Few would doubt that denominations are in trouble today in the United States. Even traditionally strong denominations such as the Southern Baptists are seeing a decrease in mission dollars coming from their churches resulting in lay-offs at state convention levels and a move towards a different split of mission dollars resulting in the denomination receiving a larger share than they used to receive. American Baptist missionaries now have to raise their own support as the funds coming into the denomination is not enough to keep their missionaries on the field. That denomination, of which I am a member, is also seeing people reductions at both the national and regional level. Some denominations are merging judicatories in an effort to cut expenses. No doubt there are a number of reasons for this decline in denominational support; we will just address two in this post.
Many churches have shifted how they think about ministry. In the past churches sent money to their denominations to provide support for their missionaries; today many churches see their primary mission field as their own communities. The result is that fewer dollars go to the denomination. Churches used to feel obligated to help fund their denominational colleges and seminaries as that is where their pastors were normally trained; now many churches do not limit their search for a pastor to those educated in their colleges and seminaries. Back when I began my pastoral ministry many churches used the educational literature and programs developed by their denominations and help fund that development through their mission dollars. Today, churches are apt to use materials and programs obtained through various para-church groups. More and more churches no longer feel the need to have a denomination tell them how they should serve their communities. Churches are taking the lead in their own ministry efforts, and if they need assistance they may ask their denomination for resources, and if those are not available they will seek those resources elsewhere. Denominations unable to adjust to this new paradigm will grow increasingly irrelevant to their churches until they are ignored completely by the churches.
A second issue that has led to the decline of denominational importance is the divisive issues that have plagued denominations now for the past couple of decades. Issues such as abortion, homosexuality, same-sex marriage, and now gun-control laws have divided many denominations. Numerous churches have withdrawn from their denomination as a result of this issues while other churches funnel their giving to specific ministries within the denomination to show their dissatisfaction with the direction of their denominational leadership. Of course, these issues not only affect the churches but also the general public as these battles are fought over the public airwaves.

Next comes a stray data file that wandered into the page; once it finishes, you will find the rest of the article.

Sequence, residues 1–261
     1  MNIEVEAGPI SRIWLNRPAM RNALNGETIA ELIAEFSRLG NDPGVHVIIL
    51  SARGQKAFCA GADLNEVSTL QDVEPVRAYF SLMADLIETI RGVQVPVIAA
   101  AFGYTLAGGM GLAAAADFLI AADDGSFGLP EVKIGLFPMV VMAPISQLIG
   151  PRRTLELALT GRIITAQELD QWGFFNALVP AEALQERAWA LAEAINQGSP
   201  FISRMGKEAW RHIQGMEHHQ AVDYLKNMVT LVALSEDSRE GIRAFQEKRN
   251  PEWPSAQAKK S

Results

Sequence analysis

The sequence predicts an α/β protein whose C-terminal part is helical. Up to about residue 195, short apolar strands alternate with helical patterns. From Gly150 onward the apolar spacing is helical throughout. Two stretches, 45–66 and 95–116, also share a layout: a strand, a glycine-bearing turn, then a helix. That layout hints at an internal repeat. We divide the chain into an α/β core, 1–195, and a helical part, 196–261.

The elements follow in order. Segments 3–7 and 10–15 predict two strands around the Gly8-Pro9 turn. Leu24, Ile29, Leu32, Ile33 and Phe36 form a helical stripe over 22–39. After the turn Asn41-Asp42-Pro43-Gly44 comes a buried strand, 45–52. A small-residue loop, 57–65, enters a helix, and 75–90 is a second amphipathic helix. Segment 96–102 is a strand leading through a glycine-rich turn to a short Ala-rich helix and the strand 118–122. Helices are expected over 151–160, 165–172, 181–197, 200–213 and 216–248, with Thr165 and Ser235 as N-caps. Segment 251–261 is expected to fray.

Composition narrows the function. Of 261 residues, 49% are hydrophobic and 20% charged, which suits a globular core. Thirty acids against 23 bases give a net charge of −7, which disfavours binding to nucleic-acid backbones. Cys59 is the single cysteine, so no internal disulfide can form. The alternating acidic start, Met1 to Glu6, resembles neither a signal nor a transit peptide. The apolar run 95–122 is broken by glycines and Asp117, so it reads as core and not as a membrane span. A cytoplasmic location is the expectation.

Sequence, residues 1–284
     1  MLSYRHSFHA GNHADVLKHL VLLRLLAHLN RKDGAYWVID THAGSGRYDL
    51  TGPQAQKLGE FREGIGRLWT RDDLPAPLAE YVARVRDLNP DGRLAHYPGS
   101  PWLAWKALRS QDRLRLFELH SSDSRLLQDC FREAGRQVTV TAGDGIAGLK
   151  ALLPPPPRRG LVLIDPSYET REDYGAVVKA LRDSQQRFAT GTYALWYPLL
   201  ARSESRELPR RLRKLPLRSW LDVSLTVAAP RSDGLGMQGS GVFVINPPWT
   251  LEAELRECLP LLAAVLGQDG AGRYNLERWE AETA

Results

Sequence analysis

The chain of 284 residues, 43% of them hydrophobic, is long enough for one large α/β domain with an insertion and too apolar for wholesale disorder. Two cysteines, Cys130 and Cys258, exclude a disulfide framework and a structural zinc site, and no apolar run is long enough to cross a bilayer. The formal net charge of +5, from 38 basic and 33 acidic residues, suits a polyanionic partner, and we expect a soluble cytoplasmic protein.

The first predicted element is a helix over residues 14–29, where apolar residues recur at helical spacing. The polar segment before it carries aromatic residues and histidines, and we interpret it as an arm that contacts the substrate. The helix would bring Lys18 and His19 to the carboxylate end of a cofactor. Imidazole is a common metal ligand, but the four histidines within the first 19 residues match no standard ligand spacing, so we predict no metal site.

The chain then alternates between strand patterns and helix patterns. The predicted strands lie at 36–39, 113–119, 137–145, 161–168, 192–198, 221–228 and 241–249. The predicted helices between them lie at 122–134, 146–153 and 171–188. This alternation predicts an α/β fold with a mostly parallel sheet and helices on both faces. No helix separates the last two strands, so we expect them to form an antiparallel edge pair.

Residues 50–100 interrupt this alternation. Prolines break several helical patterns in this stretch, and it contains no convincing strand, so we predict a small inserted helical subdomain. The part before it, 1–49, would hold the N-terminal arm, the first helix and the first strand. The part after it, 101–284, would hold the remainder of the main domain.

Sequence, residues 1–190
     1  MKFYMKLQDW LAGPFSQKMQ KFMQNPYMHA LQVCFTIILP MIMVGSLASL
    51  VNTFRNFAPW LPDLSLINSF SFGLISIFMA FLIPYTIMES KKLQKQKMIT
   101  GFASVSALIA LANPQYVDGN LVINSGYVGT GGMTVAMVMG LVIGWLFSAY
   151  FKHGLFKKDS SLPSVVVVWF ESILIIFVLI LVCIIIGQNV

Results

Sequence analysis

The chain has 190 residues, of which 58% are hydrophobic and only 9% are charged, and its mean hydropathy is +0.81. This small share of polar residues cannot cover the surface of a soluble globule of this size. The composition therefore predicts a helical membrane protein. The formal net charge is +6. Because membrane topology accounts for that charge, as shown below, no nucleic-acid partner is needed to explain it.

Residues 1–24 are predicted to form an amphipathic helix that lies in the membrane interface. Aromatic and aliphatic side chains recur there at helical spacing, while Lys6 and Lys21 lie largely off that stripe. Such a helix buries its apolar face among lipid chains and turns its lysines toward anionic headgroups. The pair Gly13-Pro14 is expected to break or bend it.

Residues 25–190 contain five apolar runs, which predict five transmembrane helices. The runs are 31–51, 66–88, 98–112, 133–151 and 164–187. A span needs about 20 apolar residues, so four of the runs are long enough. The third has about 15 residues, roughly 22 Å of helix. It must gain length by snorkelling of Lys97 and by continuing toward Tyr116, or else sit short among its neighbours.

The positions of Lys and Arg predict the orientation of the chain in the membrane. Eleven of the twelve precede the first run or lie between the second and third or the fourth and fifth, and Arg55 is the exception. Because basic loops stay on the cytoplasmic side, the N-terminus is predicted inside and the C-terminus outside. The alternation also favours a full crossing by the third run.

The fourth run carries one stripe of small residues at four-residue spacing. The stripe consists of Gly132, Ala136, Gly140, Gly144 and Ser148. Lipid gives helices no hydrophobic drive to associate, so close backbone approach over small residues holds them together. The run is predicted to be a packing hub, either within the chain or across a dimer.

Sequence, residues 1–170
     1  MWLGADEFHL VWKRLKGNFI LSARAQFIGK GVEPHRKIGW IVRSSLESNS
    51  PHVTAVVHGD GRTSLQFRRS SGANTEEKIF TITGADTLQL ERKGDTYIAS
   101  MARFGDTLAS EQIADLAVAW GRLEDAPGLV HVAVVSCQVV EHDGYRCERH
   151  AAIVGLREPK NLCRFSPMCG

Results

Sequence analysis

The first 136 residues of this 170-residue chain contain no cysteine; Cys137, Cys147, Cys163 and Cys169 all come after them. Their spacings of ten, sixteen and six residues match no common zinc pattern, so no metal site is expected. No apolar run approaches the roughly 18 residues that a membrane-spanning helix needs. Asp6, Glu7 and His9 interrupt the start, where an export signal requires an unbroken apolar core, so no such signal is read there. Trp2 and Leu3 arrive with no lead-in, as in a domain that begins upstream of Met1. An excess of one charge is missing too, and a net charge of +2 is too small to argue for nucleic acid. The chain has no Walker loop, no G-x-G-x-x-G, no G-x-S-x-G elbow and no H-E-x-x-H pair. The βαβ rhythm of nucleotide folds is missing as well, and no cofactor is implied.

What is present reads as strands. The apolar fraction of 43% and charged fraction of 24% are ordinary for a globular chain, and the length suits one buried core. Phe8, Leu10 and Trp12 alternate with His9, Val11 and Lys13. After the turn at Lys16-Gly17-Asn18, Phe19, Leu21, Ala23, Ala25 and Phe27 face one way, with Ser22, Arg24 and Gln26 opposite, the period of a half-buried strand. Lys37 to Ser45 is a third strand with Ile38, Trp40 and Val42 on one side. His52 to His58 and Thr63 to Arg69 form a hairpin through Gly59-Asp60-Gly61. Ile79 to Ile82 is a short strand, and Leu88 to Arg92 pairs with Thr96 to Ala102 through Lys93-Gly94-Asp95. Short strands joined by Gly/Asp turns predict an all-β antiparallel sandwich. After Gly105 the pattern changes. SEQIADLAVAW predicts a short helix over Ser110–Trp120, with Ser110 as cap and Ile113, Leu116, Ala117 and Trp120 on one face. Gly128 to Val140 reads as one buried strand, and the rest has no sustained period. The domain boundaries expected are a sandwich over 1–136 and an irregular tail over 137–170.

Part of what makes this latter issue so divisive is that some denominations won't take a stand one way or the other. They prefer having study groups analyze these issues ad nauseum while those on both sides of the issue grow increasingly frustrated with the lack of decision. Some are so intent on being politically correct and inclusive they are incapable of making a decision knowing that any decision they make will upset people.
I have a suggestion for denominational leaders: grow a backbone and make a decision or admit that you have forfeited your right to lead and step aside. As much as people may not want to admit it, these divisive issues are not to be decided by what is popular or politically correct. The only ultimate guide to the decisions you have to make should be the Scriptures. The decisions denominations will make about these decisive issues are really a decision about biblical authority. How do you interpret what the Scriptures teach about such issues? Once a denomination has decided where it will stand on these issues then the local churches can decide what they need to do, but this indecision is doing nothing but hurting the ministry of the local church and the Kingdom of God.
I personally believe there is still an important role for denominations to play in the religious life of the United States, but we need denominations to fulfil their roles with excellence. We need men and women in denominational leadership who are committed to the authority of Scripture, who have a fresh vision from God where He wants to lead their denomination, and the courage to lead. When denominational leadership has these three things their churches will gladly follow their leadership and support their denomination. This will be one more factor that will help our churches become healthier and more effective in their ministries.
In The Healthy Community: Moving Your Church Beyond Tunnel Vision
I devote an entire chapter to the importance of denominational excellence that includes more suggestions than could be covered in this post.